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Salt Lake City's Comprehensive Communities Program: A Case Study

NCJ Number
Date Published
January 2004
71 pages
This paper presents an overview and description, based on site visits of a U.S. Department of Justice funded crime prevention program in Salt Lake City, NV, the Comprehensive Communities Program (CCP).
Salt Lake City’s Comprehensive Communities Program (CCP) was one of 16 sites invited by and funded by the U.S. Department of Justice, Bureau of Justice Assistance to develop and implement a comprehensive strategy to combat crime. The program began in 1995 and sought to create a neighborhood-based model for the prevention, intervention, and suppression of crime. Its mission was to restructure law enforcement and social services systems so they could effectively reduce violent youth crime. The overall CCP strategy was to establish linkages between resources and service providers in order to more comprehensively serve the needs of children and families. At the core of its initiative were five units called Community Action Teams (CAT). A CAT is a neighborhood-based problem-solving team. By the end of 1996, CCP continued to make significant progress at the programmatic level with several educational programs developed and implemented as referral services for high-risk youth and as alternatives to prosecution and incarceration for known juvenile and adult offenders. Overall, Salt Lake City has experienced a steady decline in the rate of violent crime after 1993. This paper, supported by the U.S. Department of Justice, National Institute of Justice, is a case study of Salt Lake City’s CCP program and written as a result of site visits made to various CCP programs and interviews with CCP participants between November 1995 and January 1997. Data is incorporated from BOTEC’s CCP Coalition Survey and Community Policing Survey and information contained in several Federal and local documents and reports. Appendix A-B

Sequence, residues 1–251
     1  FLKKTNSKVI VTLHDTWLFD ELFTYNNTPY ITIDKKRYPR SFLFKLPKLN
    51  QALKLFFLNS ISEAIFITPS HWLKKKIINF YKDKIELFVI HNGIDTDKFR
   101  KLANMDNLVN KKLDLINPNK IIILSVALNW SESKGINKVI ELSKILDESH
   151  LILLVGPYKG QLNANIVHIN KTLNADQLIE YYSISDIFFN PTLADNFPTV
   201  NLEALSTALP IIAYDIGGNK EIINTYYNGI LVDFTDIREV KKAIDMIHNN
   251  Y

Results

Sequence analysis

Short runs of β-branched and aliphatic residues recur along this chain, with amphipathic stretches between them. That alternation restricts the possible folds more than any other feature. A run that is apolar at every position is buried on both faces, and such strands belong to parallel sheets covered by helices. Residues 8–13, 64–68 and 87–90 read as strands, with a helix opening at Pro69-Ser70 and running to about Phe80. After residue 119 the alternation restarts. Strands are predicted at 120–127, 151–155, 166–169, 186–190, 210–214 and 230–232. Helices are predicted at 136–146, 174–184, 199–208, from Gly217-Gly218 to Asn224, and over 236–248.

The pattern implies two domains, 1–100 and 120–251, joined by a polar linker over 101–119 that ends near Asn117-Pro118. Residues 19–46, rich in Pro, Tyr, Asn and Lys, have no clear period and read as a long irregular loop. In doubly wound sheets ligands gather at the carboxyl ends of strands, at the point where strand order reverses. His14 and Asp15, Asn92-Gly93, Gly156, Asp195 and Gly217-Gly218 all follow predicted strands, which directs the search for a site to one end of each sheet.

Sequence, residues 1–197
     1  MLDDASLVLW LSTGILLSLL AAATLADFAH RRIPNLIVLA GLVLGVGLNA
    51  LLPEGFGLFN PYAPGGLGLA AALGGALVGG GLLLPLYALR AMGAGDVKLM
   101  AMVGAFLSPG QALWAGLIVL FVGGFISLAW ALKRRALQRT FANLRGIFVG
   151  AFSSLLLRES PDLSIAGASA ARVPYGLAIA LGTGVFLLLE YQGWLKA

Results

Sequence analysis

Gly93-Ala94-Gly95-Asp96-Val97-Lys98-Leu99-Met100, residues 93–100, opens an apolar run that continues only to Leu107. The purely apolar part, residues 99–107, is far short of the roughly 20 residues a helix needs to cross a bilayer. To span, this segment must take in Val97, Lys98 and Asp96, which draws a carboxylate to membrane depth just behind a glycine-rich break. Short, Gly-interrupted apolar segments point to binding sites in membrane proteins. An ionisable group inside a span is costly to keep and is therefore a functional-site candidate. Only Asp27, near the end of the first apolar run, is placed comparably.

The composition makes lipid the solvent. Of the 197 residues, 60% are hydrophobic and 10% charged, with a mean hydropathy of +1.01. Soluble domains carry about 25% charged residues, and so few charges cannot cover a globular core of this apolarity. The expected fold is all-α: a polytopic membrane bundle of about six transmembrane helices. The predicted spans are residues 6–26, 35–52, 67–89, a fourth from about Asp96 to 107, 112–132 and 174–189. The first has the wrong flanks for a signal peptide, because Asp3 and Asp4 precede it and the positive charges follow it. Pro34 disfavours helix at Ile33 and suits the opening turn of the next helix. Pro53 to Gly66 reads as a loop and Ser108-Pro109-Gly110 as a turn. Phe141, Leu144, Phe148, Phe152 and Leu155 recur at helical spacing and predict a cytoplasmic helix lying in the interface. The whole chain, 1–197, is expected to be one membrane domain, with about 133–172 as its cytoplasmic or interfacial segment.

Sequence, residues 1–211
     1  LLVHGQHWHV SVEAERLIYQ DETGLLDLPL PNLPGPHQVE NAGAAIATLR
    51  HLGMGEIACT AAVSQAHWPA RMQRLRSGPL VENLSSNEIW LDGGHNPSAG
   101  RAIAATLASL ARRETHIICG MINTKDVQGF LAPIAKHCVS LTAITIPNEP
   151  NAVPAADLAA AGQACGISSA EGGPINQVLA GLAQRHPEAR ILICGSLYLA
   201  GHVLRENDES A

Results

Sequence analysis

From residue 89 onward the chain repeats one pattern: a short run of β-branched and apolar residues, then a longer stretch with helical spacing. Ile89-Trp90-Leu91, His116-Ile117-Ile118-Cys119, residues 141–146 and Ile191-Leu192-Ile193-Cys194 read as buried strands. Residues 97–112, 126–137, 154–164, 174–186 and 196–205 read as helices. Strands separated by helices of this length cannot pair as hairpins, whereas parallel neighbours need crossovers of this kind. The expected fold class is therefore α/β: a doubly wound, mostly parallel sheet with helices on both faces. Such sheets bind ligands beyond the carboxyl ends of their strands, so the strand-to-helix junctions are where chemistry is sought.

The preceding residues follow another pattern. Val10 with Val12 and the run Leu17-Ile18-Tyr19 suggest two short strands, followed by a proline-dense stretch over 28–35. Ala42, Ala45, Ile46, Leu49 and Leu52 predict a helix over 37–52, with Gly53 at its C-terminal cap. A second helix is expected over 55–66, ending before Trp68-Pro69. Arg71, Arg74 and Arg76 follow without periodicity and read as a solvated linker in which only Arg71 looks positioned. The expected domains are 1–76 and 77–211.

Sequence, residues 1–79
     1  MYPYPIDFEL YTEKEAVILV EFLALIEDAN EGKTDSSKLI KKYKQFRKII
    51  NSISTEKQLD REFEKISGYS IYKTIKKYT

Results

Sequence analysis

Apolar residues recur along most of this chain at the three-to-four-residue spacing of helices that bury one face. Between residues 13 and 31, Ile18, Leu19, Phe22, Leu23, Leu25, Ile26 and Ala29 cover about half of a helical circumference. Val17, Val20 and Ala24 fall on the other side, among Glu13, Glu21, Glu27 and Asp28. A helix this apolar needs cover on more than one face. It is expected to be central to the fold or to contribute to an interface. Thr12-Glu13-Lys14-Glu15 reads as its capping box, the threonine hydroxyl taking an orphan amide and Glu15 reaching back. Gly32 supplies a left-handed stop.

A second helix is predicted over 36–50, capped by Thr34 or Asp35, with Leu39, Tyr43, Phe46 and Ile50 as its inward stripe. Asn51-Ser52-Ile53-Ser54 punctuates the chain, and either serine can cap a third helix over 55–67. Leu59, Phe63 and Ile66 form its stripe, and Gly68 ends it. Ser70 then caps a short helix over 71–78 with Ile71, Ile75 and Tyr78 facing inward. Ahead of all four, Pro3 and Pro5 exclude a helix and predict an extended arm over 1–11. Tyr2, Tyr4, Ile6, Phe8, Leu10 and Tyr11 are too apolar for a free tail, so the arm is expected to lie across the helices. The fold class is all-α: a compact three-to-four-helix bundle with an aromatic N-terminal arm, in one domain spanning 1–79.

Date Published: January 1, 2004